When it comes to recycling and processing all of this electronic waste, the World Health Organization reports that even low exposure to the electronic elements can cause significant health risks. Now, University of Missouri researchers are on the path to creating biodegradable electronics by using organic components in screen displays. The researchers' advancements could one day help reduce electronic waste in the world's landfills. "Current mobile phones and electronics are not biodegradable and create significant waste when they're disposed," said Suchismita Guha, professor in the Department of Physics and Astronomy at the MU College of Arts and Science. "This... mehr mehr lesen

Professor Kyung-Cheol Choi and his research team from the School of Electrical Engineering at KAIST have developed fiber-like light-emitting diodes (LEDs), which can be applied in wearable displays.

The research findings were published online in the July 14th issue of Advanced Electronic Materials. Traditional wearable displays were manufactured on a hard substrate, which was later attached to the surface of clothes. This technique had limited applications for wearable displays because they were inflexible and ignored the characteristics of fabric. To solve this problem, the research team discarded the notion of creating light-emitting diode displays on a plane. Instead, they focused on fibers, a component of fabrics, and developed a fiber-like LED that shared the characteristics of both fabrics and displays. The essence of this technology, the dip-coating process, is to immerse... mehr mehr lesen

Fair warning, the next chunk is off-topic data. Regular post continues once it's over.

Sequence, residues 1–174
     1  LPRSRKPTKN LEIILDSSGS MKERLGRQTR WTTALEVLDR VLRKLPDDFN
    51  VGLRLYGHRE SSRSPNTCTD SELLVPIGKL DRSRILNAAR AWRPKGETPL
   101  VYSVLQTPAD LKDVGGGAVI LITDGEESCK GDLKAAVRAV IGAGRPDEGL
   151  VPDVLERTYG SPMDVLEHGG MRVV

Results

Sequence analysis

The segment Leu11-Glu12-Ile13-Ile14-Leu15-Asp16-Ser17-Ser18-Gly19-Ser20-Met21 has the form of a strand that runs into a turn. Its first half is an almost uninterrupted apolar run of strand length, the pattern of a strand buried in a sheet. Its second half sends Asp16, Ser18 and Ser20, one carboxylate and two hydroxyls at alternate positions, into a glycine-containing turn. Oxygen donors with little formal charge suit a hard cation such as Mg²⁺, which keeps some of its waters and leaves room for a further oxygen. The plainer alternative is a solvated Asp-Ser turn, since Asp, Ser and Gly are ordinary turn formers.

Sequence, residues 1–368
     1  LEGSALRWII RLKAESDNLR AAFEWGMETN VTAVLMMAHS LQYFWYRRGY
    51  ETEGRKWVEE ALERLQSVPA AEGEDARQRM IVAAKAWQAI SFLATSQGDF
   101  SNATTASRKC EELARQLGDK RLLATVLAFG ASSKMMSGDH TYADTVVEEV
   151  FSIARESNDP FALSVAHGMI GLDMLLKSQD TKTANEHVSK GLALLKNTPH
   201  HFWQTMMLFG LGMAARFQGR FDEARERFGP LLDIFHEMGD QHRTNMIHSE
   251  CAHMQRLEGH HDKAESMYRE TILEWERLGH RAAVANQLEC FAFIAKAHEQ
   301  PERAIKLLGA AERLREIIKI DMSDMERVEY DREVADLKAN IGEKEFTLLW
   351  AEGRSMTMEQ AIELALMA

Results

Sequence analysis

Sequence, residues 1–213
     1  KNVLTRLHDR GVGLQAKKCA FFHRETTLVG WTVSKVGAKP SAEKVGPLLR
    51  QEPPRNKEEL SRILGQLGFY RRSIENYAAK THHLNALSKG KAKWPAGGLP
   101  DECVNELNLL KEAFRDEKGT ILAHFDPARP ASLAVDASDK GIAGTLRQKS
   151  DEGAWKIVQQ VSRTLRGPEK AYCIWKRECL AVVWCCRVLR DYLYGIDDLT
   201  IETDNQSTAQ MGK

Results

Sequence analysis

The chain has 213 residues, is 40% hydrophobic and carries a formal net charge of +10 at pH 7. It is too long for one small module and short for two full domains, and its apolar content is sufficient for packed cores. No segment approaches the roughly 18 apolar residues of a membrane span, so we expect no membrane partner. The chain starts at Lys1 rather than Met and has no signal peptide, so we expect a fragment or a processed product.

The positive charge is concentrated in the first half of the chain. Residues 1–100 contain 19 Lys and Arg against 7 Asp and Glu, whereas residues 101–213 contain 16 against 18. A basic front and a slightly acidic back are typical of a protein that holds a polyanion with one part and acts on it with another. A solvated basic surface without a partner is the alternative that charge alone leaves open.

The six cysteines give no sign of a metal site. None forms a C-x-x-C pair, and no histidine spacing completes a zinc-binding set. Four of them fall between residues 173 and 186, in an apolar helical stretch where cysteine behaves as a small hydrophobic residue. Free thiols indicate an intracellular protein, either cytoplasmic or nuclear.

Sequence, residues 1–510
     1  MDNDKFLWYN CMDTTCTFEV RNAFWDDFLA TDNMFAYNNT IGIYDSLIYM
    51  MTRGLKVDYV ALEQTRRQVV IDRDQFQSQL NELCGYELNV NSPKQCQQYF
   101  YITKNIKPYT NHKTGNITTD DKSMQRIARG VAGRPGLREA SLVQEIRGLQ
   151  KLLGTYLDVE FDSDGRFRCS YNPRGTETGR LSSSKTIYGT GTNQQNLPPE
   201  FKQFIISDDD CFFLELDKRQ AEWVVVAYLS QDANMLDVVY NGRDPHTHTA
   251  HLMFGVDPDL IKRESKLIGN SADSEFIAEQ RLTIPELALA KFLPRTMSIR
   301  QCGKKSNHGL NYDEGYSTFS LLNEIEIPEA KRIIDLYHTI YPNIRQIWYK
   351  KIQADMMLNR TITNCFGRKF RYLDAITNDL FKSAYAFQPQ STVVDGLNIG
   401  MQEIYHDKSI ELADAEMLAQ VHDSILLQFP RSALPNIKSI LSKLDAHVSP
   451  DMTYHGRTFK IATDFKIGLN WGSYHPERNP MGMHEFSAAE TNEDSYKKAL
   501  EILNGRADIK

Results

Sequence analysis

Imagine a soldier who can change the color and pattern of his camouflage uniform from woodland green to desert tan at will.

Or an office worker who could do the same with his necktie. Is someone at the wedding reception wearing the same dress as you? No problem - switch yours to a different color in the blink of an eye. A breakthrough in a University of Central Florida lab has brought those scenarios closer to reality. A team led by Professor Debashis Chanda of UCF's NanoScience Technology Center and the College of Optics and Photonics (CREOL) has developed a technique for creating the world's first full-color, flexible thin-film reflective display. Chanda's research was inspired by nature. Traditional displays like those on a mobile phone require a light source, filters and a glass plates. But... mehr mehr lesen


Partner der Woche

Suche in MaterialsgateNEWS

Bücher und Produkte